From: Philippe Verdy (firstname.lastname@example.org)
Date: Sat Mar 18 2006 - 17:56:05 CST
From: "Peter Constable" <email@example.com>
>> From: Philippe Verdy [mailto:firstname.lastname@example.org]
>> Here are some screenshots for Bengali, Oriya and Telugu...
> The text in your screenshots looks to me like it might be Arial Unicode MS. As I explained earlier, this font does not provide shaping support for all scripts. That is a font issue, not an issue with IE.
"I" am not using it. The page does not specify it and not even its CSS stylesheets. IE just decides itself to this font instead of the font that I have properly set up for these Bengali, Oriya, Telugu and Malayalam scripts. For example In IE, the "Kartika" or "Akshar Unicode" fonts are manually preselected for Malayalam instead of the default. As well, for Bengali, the "Rupali" or "Solaiman Lipi" or "Vrinda" fonts are preselected instead of the default.
If the installation of "Arial Unicode MS" by Office puts havoc to the rendering of Indic scripts, then this breaks Windows and IE, so it would be a Office bug, because it ships a font that IE preselects with some unknown logic but that doesnot render Indic scripts properly. Arial Unicode MS should then either NOT contain those Indic scripts, or should implement them correctly (like it does for Devanagari and Tamil).
But what I don't understand is that it does not break Firefox (whch should normally select the same font with the samelogic) or Notepad (if the appropriate font isselect for thesescripts, or when the preselected font is not usable for that script and the renderer attemps to select automatically another suitable fontfor these scripts).
The situation would then be much better if "Arial Unicode MS" did not insisted saying to Windows that it supports these scripts, because this is NOT the font that is selected. Windows or IE decide themselves to use it, and for some unknown reason ignore the correct font specified in user settings. Webpoages shouldnot have to specify explicitly the Windows-specific correct fonts to use for these scripts, and the default settings or the user settings should be honored instead (but it should not use the font specified in regional settings for the pseudo-script "specified by user" (which any user will typically set to a "catch all" multiscript font like Arial Unicode MS or Code2000, if a user sets this option).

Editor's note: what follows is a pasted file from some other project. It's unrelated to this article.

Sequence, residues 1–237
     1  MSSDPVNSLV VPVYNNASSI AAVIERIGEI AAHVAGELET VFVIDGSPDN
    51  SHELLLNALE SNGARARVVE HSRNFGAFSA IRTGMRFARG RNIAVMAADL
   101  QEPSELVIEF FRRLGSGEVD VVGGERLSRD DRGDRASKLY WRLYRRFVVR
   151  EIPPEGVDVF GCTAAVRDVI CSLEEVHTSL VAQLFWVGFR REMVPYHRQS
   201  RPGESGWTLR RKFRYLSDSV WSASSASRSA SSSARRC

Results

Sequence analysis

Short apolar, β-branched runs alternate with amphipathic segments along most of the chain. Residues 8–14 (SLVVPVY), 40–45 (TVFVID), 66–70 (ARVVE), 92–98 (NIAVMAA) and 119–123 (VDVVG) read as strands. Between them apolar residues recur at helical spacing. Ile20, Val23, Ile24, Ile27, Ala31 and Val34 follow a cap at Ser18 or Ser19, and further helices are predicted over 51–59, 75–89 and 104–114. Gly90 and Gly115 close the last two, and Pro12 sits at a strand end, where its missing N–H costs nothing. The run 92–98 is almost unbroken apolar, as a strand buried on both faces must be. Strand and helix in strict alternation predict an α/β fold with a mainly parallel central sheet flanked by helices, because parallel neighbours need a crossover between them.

I get this problem even on default Windows installations, from a new user account where not specific font has been selected and kept in the user's registry. There may be some magic behind the scene that selects the wrong font, but for me bad fonts are a nightmare, and bad fonts are installedwith Office (Arial Unicode MS is one of them, although it is very useful to support large scripts).
But after thought, you just gave me the solution: deleting "Arial Unicode MS" from the Fonts folder, when Office has been installed on the system... (I hope it will not be restored automatically from Office Update...)
This archive was generated by hypermail 2.1.5 : Sat Mar 18 2006 - 17:57:37 CST